- Engine Option 1: 1.4 L TSI 122 PS (90 kW) / petrol
- Engine Option 2: 1.4 L TSI 150 PS (110 kW) / petrol
- Engine Option 3: 2.0 L TSI 170 PS (125 kW) / petrol
- Engine Option 4: 2.0 L TSI 200 PS (147 kW) / petrol
- Engine Option 5: 2.0 L TDI 110 PS (81 kW) / diesel
- Engine Option 6: 2.0 L TDI 140 PS (103 kW) / diesel
- Engine Option 7: 2.0 L TDI 170 PS (125 kW) / diesel
- Curb Weight: 1,544 kg
- Size: L 4,432 mm x W 1,809 mm x H 1,666 mm
We know, the Touareg seems a bit too big for your taste, not to mention the price, which is out of your budget. However, you want a new SUV and it must be a Volkswagen. How about the all new Touareg? Sounds good, right?
The latest generation of this medium SUV was recently introduced and, at a first look, it seems to be one of the most attractive Volkswagens we’ve seen lately. It has a redesigned front, with new headlights and a grille with chrome accents, creating a really nice overall aspect.
However, the biggest changes, compared with the previous generations, are inside, as the improved cabin practicality and layout are top notch. There’s plenty of interior space, while the new dash, now driver oriented, has quite some interesting shapes and angles, being made from solid, quality materials.
The driving position is comfortable, mostly thanks to the new seats, with 14-way adjustment and some really cool storage trays under the bases. Overall, the interior is comfortable, stylish and ergonomic. 9/10, we’d say.
Finally, one important aspect we need to talk about is the Tiguan’s off-road abilities. Yes, we’re talking about a medium-sized SUV here, but this fellow performs surprisingly well. It even has a dedicated off-road mode, able to re-meter the throttle response, or make the DSG keep lower rations or loosen the stability control.
Oh, and opt for a DSG model! It’s an improved model, with better throttle response!
Driving the new Tiguan for the first time might leave you with mixed feelings about the handling. It’s equipped with a progressive electric steering, which gets more ‘tougher’ as you speed up, while the suspension…well, things can get a bit tricky if you opt for low-profile tires and 20-inch rims. It comes with a decent insulation from road noise, but this can change if you take a ride on coarse chip surfaces, with some ‘sporty’ looking rubbers.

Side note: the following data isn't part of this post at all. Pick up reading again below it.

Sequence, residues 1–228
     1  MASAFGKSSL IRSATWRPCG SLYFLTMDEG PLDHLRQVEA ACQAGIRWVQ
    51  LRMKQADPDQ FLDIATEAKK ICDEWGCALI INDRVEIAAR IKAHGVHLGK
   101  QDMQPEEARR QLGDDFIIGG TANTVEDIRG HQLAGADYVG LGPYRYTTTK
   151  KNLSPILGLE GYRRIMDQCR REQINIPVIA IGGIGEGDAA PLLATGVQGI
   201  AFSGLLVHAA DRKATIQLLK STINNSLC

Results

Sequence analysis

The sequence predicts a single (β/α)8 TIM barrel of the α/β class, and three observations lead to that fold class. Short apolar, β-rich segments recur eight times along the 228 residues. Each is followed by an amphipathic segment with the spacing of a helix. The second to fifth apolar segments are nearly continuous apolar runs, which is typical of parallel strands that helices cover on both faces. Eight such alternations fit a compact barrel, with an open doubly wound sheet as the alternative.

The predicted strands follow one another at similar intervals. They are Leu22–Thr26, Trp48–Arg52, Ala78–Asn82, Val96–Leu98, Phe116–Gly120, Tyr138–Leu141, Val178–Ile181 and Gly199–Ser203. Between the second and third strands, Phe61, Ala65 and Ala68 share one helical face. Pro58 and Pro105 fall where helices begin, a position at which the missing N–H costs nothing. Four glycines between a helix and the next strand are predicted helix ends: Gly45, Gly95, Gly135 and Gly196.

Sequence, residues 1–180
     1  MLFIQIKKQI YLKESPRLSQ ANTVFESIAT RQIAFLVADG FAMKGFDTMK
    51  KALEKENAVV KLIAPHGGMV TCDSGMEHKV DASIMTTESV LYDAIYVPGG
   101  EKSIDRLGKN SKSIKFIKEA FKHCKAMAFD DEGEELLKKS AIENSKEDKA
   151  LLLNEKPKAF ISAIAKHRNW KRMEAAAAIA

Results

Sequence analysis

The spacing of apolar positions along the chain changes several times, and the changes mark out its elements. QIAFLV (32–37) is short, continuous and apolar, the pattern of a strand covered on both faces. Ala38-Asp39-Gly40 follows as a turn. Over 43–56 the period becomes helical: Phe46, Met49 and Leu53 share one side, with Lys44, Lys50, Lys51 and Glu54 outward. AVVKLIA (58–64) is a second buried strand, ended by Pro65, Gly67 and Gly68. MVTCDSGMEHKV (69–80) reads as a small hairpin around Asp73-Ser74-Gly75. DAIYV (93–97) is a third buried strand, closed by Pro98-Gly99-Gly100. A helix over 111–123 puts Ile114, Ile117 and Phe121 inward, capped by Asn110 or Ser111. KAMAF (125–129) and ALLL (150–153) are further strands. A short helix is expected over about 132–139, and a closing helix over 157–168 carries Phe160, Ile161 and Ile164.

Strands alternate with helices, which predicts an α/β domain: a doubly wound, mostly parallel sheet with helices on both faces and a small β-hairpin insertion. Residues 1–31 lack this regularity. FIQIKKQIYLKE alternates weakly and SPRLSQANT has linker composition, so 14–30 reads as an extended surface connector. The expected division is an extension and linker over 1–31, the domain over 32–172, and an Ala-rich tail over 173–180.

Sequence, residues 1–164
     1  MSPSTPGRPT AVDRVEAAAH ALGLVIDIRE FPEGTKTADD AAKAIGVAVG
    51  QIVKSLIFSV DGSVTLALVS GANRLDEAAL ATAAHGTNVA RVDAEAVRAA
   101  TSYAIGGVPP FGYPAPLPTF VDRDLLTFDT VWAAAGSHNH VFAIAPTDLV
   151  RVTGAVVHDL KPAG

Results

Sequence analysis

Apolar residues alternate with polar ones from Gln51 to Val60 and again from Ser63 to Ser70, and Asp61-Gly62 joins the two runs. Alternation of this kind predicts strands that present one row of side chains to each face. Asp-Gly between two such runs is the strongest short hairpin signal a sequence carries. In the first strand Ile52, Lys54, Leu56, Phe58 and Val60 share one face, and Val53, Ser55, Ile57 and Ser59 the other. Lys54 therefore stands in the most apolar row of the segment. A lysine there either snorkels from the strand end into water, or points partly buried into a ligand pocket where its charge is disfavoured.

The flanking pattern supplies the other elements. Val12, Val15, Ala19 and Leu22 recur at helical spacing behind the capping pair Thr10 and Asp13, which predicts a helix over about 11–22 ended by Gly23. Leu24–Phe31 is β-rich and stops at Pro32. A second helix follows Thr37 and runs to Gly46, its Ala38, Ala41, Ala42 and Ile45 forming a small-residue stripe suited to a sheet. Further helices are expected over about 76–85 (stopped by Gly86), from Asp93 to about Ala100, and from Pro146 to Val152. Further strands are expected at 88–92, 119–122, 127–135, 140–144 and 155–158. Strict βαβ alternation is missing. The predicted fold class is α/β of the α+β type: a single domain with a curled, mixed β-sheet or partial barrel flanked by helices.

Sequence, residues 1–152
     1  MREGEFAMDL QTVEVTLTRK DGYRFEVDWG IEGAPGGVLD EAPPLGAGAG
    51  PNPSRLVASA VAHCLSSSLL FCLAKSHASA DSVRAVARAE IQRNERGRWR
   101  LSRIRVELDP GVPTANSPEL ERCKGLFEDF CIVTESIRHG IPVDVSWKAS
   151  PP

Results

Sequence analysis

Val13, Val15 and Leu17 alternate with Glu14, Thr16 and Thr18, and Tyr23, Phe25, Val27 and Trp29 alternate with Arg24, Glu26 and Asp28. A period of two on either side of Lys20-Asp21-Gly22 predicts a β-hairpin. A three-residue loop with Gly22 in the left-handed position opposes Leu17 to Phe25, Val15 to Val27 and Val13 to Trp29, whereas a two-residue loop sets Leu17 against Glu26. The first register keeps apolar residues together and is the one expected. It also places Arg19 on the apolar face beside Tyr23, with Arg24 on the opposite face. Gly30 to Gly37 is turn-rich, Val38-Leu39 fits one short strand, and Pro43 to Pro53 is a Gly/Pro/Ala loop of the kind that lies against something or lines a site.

Another aspect that we don’t like is the heads-up display. Don’t get us wrong, the technology itself is awesome, but it seems that Volkswagen forgot about installing the display on the Tiguan at first and, when they remembered about it, they only had some cheap plastic around the factory. And yeah, they used it. The flip-up panel looks fragile, but after some time, you can get used to it.
We like the new Tiguan and we’d pick it hands down over competitors like the Mazda CX-5, Hyundai Tucson, Kia Sportage or Ford Kuga. It has a starting price of $24,995 for the 2.0L TSI model, with a 6-speed automatic transmission, but the best deal is definitely the 2.0 L TDI unit (170 PS). All in all, it’s a hard to beat car, considering the humongous list of options you get even for the base model, the look and especially the interior.
What others say
www.caranddriver.com: “While comfortable, well built, and distinctively styled, the Tiguan is short on interior space and high on price, making it a hard sell.”
www.edmunds.com: “If you want your compact crossover to be a rewarding driving machine, the Volkswagen Tiguan should hit the spot. It’s not the newest or most spacious vehicle in its class, but it counters with confident, eager turbocharged power and an unusually composed driving feel.”